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Ken and Robin Consume Media: French Murder, American Bunco

August 1st, 2017 | Robin

Ken and Robin Consume Media is brought to you by the discriminating and good-looking backers of the Ken and Robin Talk About Stuff Patreon. Each week we provide capsule reviews of the books, movies, TV seasons and more we cram into our hyper-analytical sensoriums. Join the Patreon to help pick the items we’ll talk about in greater depth on our new podcast segment, Tell Me More.

Recommended

Deadlier Than the Male (aka A Time for Murder) (Film, France, Jean Duvivier, 1956) Beloved chef (Jean Gabin) fails to suspect a grift when he welcomes his ex-wife’s daughter (Danièle Delorme) into his home. Gallic noir builds to some sharply lurid sequences while giving its femme fatale greater complexity than the archetype generally affords.—RDL

Denial (Film, UK, Mick Jackson, 2016) When holocaust denier David Irving (Timothy Spall) sues her for libel in a British court, American academic Deborah Lipstadt (Rachel Weisz) finds it hard to trust her legal team’s buttoned-down strategy. David Hare’s script finds the throughline for this real-life legal procedural in the clash between passionate truth-telling and dispassionate pursuit of victory.—RDL

The Mark Inside: A Perfect Swindle, a Cunning Revenge, and a Small History of the Big Con (Nonfiction, Amy Reading, 2012) In the late teens and early 20s, Texas rancher J. Frank Norfleet, swindled by a team of confidence men in a classic big con, fills his holsters with guns and embarks on an epic quest to find them and put them all away. Reading separates truth from embellishment in this engaging historical account, which widens out as needed to tell the story of American swindling from Ben Franklin’s day to the opening decades of the 20th century.—RDL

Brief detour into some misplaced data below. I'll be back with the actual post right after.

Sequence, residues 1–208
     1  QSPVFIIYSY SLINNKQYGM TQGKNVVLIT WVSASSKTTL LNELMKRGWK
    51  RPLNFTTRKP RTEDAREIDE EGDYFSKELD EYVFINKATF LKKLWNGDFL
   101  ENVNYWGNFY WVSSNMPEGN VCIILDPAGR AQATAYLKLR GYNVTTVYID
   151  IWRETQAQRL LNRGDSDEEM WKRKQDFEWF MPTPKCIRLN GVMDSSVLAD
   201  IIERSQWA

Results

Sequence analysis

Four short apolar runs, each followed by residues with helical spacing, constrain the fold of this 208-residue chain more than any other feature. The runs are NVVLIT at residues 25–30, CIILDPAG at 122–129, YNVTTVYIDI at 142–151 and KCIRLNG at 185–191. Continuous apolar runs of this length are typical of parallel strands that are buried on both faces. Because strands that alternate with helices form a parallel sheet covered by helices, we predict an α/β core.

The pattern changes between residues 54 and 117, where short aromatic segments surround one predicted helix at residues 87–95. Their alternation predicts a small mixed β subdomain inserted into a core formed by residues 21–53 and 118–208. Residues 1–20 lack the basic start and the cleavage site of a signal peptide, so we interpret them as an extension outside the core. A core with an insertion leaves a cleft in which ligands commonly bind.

Spider-Man: Homecoming (Film, US, Jon Watts, 2017) Peter Parker’s efforts to prove himself to newfound father figure Tony Stark get him in over his head with a crew of super-tech hijackers led by a disgruntled small businessman (Michael Keaton.) Have to admire a take on a mega-tentpole franchise that says, “You know what this property really needs? A smaller scale and lower stakes,” and then delivers on precisely that.—RDL

Things Fall Apart (Fiction, Chinua Achebe, 1958) Bullying Igbo patriarch’s determination to prove himself unlike his feckless father faces the ultimate obstacle when white men arrive to introduce their religion and impose their law. Complicates its narrative of cultural dissolution under colonialism by presenting it through the perspective of a profoundly flawed protagonist.—RDL

Good

Told After Supper (Fiction, Jerome K. Jerome, 1891) Short linked collection of comic ghost stories that mostly exist to subvert the stereotypical Victorian “Christmas ghost story” narrative. Jerome’s prose bounces along and it’s a rapid, short read, but I suspect most people haven’t read enough bad Victorian ghost tales to get much charge from his gentle parody. –KH

Valerian and the City of a Thousand Planets (Film, France, Luc Besson, 2017) Based on a comic I haven’t read, Besson’s bright, optimistic SFstravaganza stars Cara Delevingne (surprisingly good in the role) and Dane DeHaan (thickly unappealing) as agents of the Human Federation drawn into a nefarious, and somewhat over-exposited, plot. Very much the successor of Besson’s zany and underrated Fifth Element, Valerian has much the same energy and momentum, though slightly less anarchic freedom. If you love Besson’s vision like I do, call it Recommended, but Dane DeHaan is sadly no Bruce Willis. –KH

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